Saturday, June 30, 2007

Thumbs down on Updike's Terrorist, appreciation for Peter Robinson's Close to Home

Books now read in ’07: 61
Title: Terrorist
Author: John Updike
Genre: Fiction
Date Completed: 6-27
Pages: 310

Books now read in ’07: 62
Title: Close to Home
Author: Peter Robinson
Genre: Mystery
Date Completed: 6-30
Pages: 389

Sixty-two books completed at the mid-point of 2007.

John Updike’s Terrorist was a disappointment. It is the story of Ahmad Ashmawy Mulloy, the son of an Irish-American woman and an Egyptian man. The 18-year-old Ahmad is a devout Muslim. He’s recruited to participate in a suicide mission – setting off a truck loaded with explosives in the Lincoln Tunnel. Naïve, but intelligent, Ahmad is easily manipulated by his imam and his employer who are part of the scheme.

Two issues with this novel: several unlikely coincidences involving Ahmad’s school counselor and the moral ambiguity at its center. Ahmad is not a villain, but a tool; that much seems clear. But Updike seems intent on assigning some responsibility to the American people, as if their actions have justified the terror visited upon them. That’s an judgment I don’t accept.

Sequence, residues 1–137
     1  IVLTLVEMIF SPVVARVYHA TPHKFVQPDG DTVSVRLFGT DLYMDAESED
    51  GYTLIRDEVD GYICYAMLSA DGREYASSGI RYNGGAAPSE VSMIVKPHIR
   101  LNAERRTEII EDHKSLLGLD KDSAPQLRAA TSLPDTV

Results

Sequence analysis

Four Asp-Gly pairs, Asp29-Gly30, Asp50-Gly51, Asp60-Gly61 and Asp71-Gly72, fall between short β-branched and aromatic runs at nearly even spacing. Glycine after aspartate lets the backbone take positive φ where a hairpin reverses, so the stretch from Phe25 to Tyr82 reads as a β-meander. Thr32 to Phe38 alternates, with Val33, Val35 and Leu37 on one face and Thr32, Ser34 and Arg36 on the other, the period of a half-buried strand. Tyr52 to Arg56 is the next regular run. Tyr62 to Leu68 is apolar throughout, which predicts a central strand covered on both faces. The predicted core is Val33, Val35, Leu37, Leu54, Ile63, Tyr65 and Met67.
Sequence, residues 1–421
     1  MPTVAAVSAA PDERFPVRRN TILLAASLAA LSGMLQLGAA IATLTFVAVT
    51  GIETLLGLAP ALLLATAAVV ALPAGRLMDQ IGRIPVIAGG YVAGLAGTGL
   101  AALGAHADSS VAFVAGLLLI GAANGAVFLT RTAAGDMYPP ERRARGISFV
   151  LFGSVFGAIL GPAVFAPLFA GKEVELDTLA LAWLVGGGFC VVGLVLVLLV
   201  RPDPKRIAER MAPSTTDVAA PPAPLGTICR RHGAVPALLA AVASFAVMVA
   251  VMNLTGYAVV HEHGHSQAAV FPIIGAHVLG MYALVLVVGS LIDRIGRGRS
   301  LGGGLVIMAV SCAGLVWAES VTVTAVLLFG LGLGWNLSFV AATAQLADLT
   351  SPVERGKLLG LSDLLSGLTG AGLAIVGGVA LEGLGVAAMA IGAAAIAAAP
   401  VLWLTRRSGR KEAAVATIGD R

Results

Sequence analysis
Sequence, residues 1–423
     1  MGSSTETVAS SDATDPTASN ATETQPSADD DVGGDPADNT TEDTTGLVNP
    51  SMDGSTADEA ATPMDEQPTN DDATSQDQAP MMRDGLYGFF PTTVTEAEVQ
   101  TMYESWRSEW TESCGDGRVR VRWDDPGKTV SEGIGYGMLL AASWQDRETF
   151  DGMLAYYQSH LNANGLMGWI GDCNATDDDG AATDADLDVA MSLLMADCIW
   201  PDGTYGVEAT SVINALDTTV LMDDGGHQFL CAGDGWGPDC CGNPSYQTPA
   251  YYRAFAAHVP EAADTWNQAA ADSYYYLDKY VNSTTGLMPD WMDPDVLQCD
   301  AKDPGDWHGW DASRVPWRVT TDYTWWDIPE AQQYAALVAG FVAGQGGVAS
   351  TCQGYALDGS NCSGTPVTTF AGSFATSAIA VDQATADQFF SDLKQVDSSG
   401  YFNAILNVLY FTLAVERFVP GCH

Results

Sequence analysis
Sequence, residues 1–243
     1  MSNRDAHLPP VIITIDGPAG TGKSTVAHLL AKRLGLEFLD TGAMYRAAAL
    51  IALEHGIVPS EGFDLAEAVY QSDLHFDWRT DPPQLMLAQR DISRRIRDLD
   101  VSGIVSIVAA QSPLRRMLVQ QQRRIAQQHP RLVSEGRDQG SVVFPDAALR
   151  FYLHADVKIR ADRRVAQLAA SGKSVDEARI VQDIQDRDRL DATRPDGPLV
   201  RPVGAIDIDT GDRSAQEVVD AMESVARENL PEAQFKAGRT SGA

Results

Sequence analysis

Close to Home is a 2003 mystery featuring Peter Robinson’s Chief Inspector Alan Banks. Banks and Detective Inspector Annie Cabot find themselves investigating two murders – three decades apart – of two young men in their early teens. One of the youth was a childhood friend of Banks who mysteriously disappeared; now his bones have been uncovered and the investigation into his death re-opened. The other death, which seems the result of an ill-planned kidnapping, involves a young man who is the son of a famous model and a deceased rock star.

Close to home, of course, is where you first look in any murder. Robinson’s Alan Banks series compares favorably with Ian Rankin’s series featuring Inspector Rebus. Banks and Cabot are exceptionally well-drawn and the plots intriguing. If you are not familiar with this fine British series, it’s time you were.

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